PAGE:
Minnie and her minions bustled around the place, sliding steaming orders of perch and fries onto the table tops, whisking them away when emptied and replacing them with her confections. When our time came for plate replacement, I ordered my buttermilk and Selma, our waitress, had to check to see if any was left. "That's one of our best sellers," she said, "Ya gotta get here early to get a piece of buttermilk."

    I waited in anticipation, as Selma walked to the pie case and did an inventory of it's wares. She moved pies around, bent over, craned her neck, moved some more pies around....and then came back to our table with...the last piece of buttermilk pie! "I guess Sam didn't eat it all!", she proclaimed, explaining that Sam was one of the locals that always came in each day for a cuppa Joe and three pieces of pie, usually buttermilk.

    As she left to attend to others, I gazed in wonderment at simple perfection: butter-yellow in colour, flecked with freshly grated nutmeg on top; it was almost too beautiful to cut into. But, hunger overcame aesthetics so fork went to pie and pie went to mouth and you know the rest. Had there been another piece, or better yet, an entire pie, I would have/could have eaten it all. Beautifully smooth, the slightest *tang* on your tongue when tasting it...the pie disappeared so fast, I had to check under the table to be sure it hadn't fallen off of my plate.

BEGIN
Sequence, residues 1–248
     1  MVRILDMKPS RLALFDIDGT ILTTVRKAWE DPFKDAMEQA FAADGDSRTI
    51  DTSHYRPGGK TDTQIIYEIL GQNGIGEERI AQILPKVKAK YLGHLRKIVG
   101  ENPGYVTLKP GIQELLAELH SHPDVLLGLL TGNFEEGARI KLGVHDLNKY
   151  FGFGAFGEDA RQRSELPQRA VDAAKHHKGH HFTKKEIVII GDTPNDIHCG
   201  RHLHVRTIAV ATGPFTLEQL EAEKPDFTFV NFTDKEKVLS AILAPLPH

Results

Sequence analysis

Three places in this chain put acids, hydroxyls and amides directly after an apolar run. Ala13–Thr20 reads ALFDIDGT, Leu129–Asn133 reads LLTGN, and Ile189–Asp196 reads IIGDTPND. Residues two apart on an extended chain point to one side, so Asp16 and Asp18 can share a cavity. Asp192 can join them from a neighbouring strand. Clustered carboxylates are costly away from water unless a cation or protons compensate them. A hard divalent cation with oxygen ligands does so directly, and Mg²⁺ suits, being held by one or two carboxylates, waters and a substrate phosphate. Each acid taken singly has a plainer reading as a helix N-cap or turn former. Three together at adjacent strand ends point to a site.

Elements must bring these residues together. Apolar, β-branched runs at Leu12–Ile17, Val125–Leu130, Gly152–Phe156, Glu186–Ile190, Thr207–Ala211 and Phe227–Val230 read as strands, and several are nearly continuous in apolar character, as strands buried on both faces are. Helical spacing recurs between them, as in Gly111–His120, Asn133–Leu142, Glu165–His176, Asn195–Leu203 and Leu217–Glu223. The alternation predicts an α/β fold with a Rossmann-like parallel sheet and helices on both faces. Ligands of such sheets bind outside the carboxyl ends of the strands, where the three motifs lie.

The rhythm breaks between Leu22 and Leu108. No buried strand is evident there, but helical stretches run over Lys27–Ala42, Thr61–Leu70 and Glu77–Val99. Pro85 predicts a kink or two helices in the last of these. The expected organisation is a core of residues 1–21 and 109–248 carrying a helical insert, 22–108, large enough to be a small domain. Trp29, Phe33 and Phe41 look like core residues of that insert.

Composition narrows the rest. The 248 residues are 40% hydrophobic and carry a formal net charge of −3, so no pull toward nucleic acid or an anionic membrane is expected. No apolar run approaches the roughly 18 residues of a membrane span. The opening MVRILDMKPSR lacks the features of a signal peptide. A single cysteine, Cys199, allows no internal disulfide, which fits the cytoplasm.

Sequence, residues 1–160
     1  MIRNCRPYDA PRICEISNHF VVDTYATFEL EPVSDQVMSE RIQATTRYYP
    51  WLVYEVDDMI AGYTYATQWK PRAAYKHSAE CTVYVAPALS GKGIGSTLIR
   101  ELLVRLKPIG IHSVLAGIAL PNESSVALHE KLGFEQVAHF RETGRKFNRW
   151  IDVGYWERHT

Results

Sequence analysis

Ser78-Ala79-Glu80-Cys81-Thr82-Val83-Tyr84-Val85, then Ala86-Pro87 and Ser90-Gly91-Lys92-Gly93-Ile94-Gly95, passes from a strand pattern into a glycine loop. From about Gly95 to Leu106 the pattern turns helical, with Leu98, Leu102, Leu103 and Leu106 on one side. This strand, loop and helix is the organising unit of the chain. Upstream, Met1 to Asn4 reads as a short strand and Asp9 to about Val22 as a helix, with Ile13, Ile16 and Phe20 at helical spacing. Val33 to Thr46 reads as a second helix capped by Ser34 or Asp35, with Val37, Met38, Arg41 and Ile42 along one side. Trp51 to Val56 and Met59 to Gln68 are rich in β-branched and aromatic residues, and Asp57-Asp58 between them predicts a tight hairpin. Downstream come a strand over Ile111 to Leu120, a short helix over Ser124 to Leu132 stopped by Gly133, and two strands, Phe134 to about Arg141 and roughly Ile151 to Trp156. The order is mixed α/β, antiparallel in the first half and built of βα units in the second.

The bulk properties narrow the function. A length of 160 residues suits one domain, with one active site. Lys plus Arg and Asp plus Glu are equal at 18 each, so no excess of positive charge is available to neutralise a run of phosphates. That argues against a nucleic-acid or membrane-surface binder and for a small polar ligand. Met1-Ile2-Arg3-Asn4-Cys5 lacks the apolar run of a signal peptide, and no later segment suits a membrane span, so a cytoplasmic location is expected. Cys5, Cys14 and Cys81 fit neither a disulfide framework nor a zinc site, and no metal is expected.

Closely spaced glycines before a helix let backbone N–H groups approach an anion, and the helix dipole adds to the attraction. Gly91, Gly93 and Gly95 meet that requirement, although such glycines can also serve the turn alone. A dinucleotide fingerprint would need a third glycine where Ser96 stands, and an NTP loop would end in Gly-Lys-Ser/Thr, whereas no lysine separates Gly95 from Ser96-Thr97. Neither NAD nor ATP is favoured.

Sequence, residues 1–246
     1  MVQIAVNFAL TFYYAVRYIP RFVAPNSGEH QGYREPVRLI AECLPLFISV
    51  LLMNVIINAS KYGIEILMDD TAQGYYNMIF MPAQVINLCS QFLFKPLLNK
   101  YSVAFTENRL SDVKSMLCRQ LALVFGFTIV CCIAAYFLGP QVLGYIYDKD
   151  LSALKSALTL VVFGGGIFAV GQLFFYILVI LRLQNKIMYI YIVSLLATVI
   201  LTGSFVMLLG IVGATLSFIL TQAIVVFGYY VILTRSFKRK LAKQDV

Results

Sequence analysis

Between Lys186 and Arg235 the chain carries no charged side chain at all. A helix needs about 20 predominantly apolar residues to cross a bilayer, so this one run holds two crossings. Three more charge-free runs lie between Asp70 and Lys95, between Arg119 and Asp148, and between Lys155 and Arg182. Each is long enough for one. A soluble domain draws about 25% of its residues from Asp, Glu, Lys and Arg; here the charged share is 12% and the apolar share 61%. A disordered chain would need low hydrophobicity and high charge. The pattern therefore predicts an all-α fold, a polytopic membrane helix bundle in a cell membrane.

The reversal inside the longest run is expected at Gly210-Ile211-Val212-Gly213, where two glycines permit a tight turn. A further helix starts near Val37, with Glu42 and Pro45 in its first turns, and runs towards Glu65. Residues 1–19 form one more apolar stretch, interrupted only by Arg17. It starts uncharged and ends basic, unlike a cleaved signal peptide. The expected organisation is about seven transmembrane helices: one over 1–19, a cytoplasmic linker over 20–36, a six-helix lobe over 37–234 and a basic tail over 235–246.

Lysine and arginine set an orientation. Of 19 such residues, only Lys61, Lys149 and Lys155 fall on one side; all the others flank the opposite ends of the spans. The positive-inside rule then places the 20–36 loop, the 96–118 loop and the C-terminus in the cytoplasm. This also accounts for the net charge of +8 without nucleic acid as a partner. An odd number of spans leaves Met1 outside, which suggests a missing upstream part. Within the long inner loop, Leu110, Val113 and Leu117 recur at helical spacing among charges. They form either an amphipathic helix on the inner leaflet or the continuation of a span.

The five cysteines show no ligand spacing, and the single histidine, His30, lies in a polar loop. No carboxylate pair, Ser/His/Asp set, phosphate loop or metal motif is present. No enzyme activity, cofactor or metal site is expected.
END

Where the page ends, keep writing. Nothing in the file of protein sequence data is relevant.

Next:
Sam, wherever you are, I know how you could eat three pieces in one sitting.

    Soon, those plates were whisked away, the coffee refreshed and the tab set on the table. As I said earlier, this was wa-a-a-y before I baked on my own pies, equating them with something Grandma did, not something that I would do. We paid, we left, and we headed up to Thunder Bay, Ontario.

    But, as some people's hearts are left in San Francisco, my stomach was left in Minnie's Cafe.

    The pie haunted me. I wanted to have my husband turn the car around. I no longer cared about amethyst mining or hiking, damn it! I wanted MORE pie, specifically buttermilk pie!

    The recipe for Buttermilk Pie became my Holy Grail.

    When we returned back home, sadly via a different route, I began to look in my two cookbooks for the recipe. Nothing. Of course, these were "modern" cookbooks and nothing as quaint or simple as this pie should grace and sully their pages.